In terms of the Toha model, it can be used to make the girth a bit thicker.
Mirror Modifier in use The clipping function can be turned on to shrink/expand in all directions, such as in the girth, without any problems.
Note that if the clipping function is turned off, the vertices facing the mirror axis will also move, causing the polygons to separate or overlap.
Align vertices with scale
As you repeatedly cut polygons and move vertices, the position of the vertices will gradually become rattled.
At this point, let me introduce a small trick that allows the vertices to be aligned perfectly in one direction.
First, select the vertices you want to align tightly with Loop selection or box selection.
With that in place, switch to the scaling tool and move the gizmo grip in the direction of the axis you wish to align.
Press the zero 0 key on the keyboard as is. The selected vertices will then be aligned exactly.
However, there is also a way to apply the scaling tool's "Fit" function as described earlier.
If you turn on automatic merging, vertices in the same location will be merged automatically.
Once you have checked the box for automatic merging, select the vertices you wish to merge and switch to the Switch to the Scale tool and move the gizmo so that it can scale in all directions.
If you enter 0 directly from the keyboard, all selected vertices will be gathered into one point and merged.
Sewing union of vertices
Automatic merging of duplicate vertices can be applied to join vertices as if they were sewn together.
To do a vertex stitch join, use the snap function also be used in conjunction with From the header menu Turn on the snap function and set the snap setting to "Vertex".
Grab the vertex to be stitched and move it to the vertex to be stitched to, and the two vertices will be snapped together and automatically joined.
Vertex stitching joins are also useful for adjusting polygon divisions (topology).
Once polygons can be cut, vertices can be moved, and vertices can be joined, most 3D models can be created. The next step in modeling is extrusion.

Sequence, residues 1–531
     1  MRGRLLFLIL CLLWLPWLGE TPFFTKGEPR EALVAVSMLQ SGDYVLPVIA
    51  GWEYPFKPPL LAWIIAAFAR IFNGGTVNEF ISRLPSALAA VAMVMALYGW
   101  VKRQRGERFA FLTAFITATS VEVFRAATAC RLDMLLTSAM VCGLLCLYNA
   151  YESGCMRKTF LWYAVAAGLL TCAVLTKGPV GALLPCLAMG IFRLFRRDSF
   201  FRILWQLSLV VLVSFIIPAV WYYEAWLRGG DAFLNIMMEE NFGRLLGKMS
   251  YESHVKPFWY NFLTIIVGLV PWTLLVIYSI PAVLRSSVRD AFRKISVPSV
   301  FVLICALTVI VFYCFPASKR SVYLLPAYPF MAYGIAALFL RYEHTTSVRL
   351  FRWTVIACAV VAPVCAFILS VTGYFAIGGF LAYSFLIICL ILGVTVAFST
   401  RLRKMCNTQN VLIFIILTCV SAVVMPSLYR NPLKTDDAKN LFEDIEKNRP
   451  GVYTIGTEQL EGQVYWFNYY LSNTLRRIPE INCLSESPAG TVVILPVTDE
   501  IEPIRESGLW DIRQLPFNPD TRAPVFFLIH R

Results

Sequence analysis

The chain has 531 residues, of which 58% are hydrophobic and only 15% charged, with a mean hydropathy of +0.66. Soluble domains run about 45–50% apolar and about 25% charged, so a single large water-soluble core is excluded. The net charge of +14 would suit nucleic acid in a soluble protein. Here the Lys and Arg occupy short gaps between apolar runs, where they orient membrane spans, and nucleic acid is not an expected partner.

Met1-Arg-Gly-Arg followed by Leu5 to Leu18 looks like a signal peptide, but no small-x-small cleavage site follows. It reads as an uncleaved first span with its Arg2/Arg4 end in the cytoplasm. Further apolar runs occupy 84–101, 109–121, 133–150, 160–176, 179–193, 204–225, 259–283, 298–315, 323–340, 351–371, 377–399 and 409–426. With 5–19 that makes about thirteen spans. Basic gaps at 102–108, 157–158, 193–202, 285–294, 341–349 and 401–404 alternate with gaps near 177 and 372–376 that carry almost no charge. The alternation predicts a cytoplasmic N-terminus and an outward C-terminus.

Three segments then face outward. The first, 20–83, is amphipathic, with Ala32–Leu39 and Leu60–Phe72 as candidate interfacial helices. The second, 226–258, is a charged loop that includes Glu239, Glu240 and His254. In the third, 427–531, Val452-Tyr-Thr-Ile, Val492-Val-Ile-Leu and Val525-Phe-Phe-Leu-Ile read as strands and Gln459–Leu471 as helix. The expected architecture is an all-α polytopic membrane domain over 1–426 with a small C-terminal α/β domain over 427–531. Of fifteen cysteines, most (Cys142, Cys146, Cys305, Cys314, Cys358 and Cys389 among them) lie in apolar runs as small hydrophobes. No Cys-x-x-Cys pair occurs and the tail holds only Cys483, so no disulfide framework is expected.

This tool can extrude selected faces and edges to create new polygons.
The extrusion tool is used very often in Toha-style polygon modeling.
In Maya's extrusion tool, you had the option to choose whether the polygons were to be combined or separated after extrusion. Blender's extrusion tools are divided into tools themselves for each option.
*To switch between tools, Toolbar You can do this by long pressing the button.
The "Extrude manifold" option provides a slightly special extrusion method when the surface to be extruded is flat.
Note that the result after extrusion will vary depending on the extrusion tool selected.
Selecting the extrusion tool alone does not cause anything to happen; new polygons are created only when the surface is moved using the extrusion tool.
Subdivision Surface Modifier
A modifier for subdivision surfaces (subdivision) is placed on a Toha model that has been extruded and feathered.
From the modifier tab of the Property Editor add a subdivision surface.
*For information on how to add a modifier, please Mirror Modifier section.
With a subdivision surface, the polygon is automatically divided into polygons for high poly & smoothness.
The modifier is in a state of temporary effect until the "Apply" button is pressed.
With the Subdivision Surface Modifier, you can edit only the appearance to be high poly & smooth, without increasing the actual number of vertices.
Subdivision surfaces are often used to finalize the look, but they can also be used as a modeling technique in the process.
This method uses a subdivision surface to edit a smooth shape with fewer vertices, and once the shape is created, the modifier is "applied" and the topology of the details is adjusted manually.
I think this technique is quite useful for some low-poly 3D models.
Modifiers may give different results depending on the order in which they are placed on the object.
In the case of the Toha model, the mirror modifier was put on first. (1) Mirror (2) Sub-division surface The effects are ridden in the order of Property Editor the mirror is on top.
Blender hits the modifier effects in turn, starting with the modifier effect at the top.
The order of modifiers can be swapped by grabbing and dragging the upper right corner.
I switched the order of the modifiers on the Toha model to test it out. (1) Sub-division surface (2) Mirror The appearance of the object will change.
It is difficult to explain in detail how the order of modifiers affects the results, since each modifier combination is different.
Anyway, it is good to remember that the modifier order has meaning.
Actual modeling (3) Fine tuning and Finishing
Once the modeling is gradually completed, we will edit the details of the model and finish the individual parts that have been completed.